In his pamphlet, Nichol surmises that, in general, the Jewish community will respond well to a formal conversion process within Messianic Judaism. He may be able to give a few examples of people that he has interviewed, but I firmly believe that the opposite would occur. The practice of Messianic Jewish conversion will be seen as the ultimate deception. And, in a sense, it will be.
It is one thing to claim that Messianic Jews are still Jewish.
We can point to scripture and First Century rabbinic perspectives for evidence of that. But taking upon ourselves the authority to call Gentiles Jews, apart from, and independent of, the rest of the Jewish community, will be likened to printing counterfeit money. The mainstream community Jewish will say that we are simply calling Gentiles “Jews.” And they will be right. Some in Messianic Judaism might say that this will help transform us into a “legitimate” Judaism. Not only will that not occur, but we will be perceived as even less legitimate. I believe that the consequences for our already shaky relationship with the wider community would be disastrous. In short, conversion would not result in open doors of any kind with the wider Jewish community but instead would represent a huge set back.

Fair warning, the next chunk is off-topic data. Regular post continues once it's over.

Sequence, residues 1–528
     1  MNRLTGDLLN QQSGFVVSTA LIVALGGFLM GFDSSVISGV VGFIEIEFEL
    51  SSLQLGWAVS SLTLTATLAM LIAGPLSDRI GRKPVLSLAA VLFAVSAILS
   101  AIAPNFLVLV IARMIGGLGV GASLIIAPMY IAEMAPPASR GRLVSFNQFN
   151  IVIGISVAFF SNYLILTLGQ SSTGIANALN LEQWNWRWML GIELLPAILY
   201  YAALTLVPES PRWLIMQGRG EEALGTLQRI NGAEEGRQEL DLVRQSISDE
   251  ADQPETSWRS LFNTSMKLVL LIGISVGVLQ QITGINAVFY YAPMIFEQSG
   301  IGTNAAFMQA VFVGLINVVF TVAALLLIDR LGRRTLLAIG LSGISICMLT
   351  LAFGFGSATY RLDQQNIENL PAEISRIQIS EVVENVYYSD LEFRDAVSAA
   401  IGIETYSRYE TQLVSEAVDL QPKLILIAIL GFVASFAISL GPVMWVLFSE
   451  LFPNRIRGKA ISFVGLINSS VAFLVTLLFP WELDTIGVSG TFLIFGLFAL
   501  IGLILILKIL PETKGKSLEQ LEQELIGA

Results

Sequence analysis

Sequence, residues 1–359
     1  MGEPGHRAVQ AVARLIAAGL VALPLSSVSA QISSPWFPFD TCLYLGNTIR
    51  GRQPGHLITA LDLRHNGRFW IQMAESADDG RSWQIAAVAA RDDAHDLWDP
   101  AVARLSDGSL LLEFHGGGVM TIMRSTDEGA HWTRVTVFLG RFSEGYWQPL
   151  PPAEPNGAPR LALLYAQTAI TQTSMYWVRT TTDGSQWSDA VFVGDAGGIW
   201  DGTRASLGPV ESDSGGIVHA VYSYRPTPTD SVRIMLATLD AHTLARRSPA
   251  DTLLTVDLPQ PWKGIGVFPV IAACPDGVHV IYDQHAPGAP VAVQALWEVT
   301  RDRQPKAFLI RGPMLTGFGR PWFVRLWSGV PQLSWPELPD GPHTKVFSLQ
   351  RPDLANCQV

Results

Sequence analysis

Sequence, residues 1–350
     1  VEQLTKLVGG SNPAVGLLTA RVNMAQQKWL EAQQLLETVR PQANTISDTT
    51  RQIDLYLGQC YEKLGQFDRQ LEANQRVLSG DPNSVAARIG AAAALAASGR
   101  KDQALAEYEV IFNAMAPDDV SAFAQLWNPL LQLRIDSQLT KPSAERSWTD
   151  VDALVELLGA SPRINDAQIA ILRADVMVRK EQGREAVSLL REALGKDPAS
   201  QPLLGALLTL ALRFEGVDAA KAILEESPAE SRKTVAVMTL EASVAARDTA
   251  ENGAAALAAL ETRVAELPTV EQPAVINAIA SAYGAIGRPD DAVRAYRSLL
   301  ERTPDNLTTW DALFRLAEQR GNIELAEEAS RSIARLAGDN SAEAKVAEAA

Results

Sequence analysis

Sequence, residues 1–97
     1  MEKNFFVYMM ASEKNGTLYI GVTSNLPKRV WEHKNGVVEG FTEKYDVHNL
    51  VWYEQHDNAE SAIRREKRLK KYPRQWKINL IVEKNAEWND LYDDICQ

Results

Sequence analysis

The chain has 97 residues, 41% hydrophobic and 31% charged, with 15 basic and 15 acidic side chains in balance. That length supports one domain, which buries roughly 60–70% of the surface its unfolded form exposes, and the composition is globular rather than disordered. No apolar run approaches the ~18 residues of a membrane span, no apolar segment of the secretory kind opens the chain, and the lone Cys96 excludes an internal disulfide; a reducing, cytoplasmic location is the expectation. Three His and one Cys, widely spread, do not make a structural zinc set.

Nichol takes pains in his pamphlet to emphasize that we are a Jewish movement and not a “primitive form of Christianity.” While it is true that we are indeed a Jewish movement, I would hope that Dr. Nichol would agree that we are also a part of the universal body of Believers. The question must be asked, “How would the Gentile part of the body interpret this step?” I believe that the impact of taking even a few born again Gentile believers and calling them Jewish will cause confusion about exactly who we are and what we are doing. We will be seen as developing into a sect. It does not matter whether we apply the process carefully or sparingly. Doing it at all is like being a little bit pregnant. And this will not be lost on the Christian families (and those families’ pastors) of the Gentile (or “former Gentile”) members of our congregations. The Gentile church will recognize that this is far afield from our original vision of calling our Jewish people to fulfill their spiritual destiny through a personal relationship with Yeshua HaMashiach. And they will be right. In addition, they are not ignorant of the authority that scripture does not grant. They will question our claim for this authority to convert Gentiles to Judaism. In addition, they will question our motives for doing so. Our validity as a movement will be diminished. I would not want to explain this practice to a supportive group of pastors while in the process of communicating the Messianic Jewish vision. I suspect that not many Messianic rabbis would. It would monopolize precious time and be a costly distraction from our primary vision.